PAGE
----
During the global pandemic, we all got a new understanding of the dangers of not providing adequate, safe, shelter for unhoused people. Cities across North America responded by quickly setting up unhoused people in hotels to prevent the transmission of COVID-19. Why couldn’t we, instead of targeting unhoused people for arrest and incarceration during normal times, boost funding to the shelter system and public housing programs? Rather than criminalizing people for not having money, we should be supporting everyone’s ability to live in dignity. 


Since the unrest began, another Black man’s death is being investigated by Ontario’s police watchdog, the Special Investigations Unit. In a situation that echoes the widely reported-on case of Regis Korchinski-Paquet, police were called during a mental health emergency, and Caleb Tubila Njoko fell from the balcony of his high rise in London, Ontario, to his death. These killings cannot be permitted to continue. Our lives are worth ending the consistent and heinous actions of the anti-Black institution of policing. 

Restructuring safety and security in our society will be difficult. In all levels of government, this is going to need a multi-sector approach, engaging several offices to implement new services. But we can make these changes quickly. The swiftness with which the government announced several dozen new services and programs to support people and industries affected by the COVID-19 pandemic shows us how quickly we can create new initiatives if we have the political will. We must prioritize Black and Indigenous lives and take action now.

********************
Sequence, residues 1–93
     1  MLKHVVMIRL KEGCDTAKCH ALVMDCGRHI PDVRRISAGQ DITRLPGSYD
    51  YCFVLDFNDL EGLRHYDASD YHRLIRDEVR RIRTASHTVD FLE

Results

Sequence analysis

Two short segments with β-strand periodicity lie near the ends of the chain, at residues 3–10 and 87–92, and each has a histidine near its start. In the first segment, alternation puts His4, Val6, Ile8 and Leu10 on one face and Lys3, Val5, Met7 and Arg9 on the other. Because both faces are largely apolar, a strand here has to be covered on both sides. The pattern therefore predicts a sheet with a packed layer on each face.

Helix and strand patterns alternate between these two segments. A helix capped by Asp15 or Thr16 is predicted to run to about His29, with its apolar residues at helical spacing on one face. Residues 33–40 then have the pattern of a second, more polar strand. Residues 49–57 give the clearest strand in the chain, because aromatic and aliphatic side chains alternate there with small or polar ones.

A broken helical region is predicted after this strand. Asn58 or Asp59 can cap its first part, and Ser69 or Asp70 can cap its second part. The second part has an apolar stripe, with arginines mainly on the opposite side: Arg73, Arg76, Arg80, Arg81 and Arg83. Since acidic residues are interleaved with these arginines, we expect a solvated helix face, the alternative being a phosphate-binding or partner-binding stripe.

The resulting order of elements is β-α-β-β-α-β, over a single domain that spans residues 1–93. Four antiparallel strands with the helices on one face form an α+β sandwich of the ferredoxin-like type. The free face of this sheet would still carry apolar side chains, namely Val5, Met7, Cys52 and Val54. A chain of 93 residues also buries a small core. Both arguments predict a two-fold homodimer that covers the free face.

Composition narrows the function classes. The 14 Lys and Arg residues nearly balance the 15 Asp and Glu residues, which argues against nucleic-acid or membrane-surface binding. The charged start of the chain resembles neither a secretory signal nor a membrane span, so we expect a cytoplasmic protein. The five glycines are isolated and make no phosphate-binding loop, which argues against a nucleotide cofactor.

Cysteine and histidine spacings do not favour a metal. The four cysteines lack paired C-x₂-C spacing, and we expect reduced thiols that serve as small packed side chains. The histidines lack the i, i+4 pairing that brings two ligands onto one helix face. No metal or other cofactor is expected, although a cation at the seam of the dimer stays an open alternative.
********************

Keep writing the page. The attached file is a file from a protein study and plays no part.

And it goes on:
If you are a policy-maker, take a look at other jurisdictions around the world who have started to defund the police, and start making plans to reallocate funds currently designated to policing towards alternative services of safety and support. If you are part of a union, or a religious or educational institution, you can take action by organizing workshops to educate your fellow workers about what defunding the police really means, and by releasing statements supporting the demand. As an individual, consider joining protests, signing a petition or donating to organizations who are doing their best to make these policy changes happen. 

Black lives matter, and our policies should reflect that. When it comes to policing, the only way forward that can ensure that Black people are no longer the victims of these homicides by the very service meant to keep us safe is to defund the police. For too long, we have not prioritized addressing and ending police killings of Black people in our society, and the cost has been far, far too high. The time for justice is always now, and Black lives are worth prioritizing. Let’s get these policy changes implemented, and ensure that no more Black lives are taken by the police.

Sandy Hudson is one of the co-founders of Black Lives Matter - Toronto. She serves as Vice-Chair of the Black Legal Action Centre and co-hosts the Sandy and Nora Talk Politics podcast. She is currently studying law at UCLA in Los Angeles.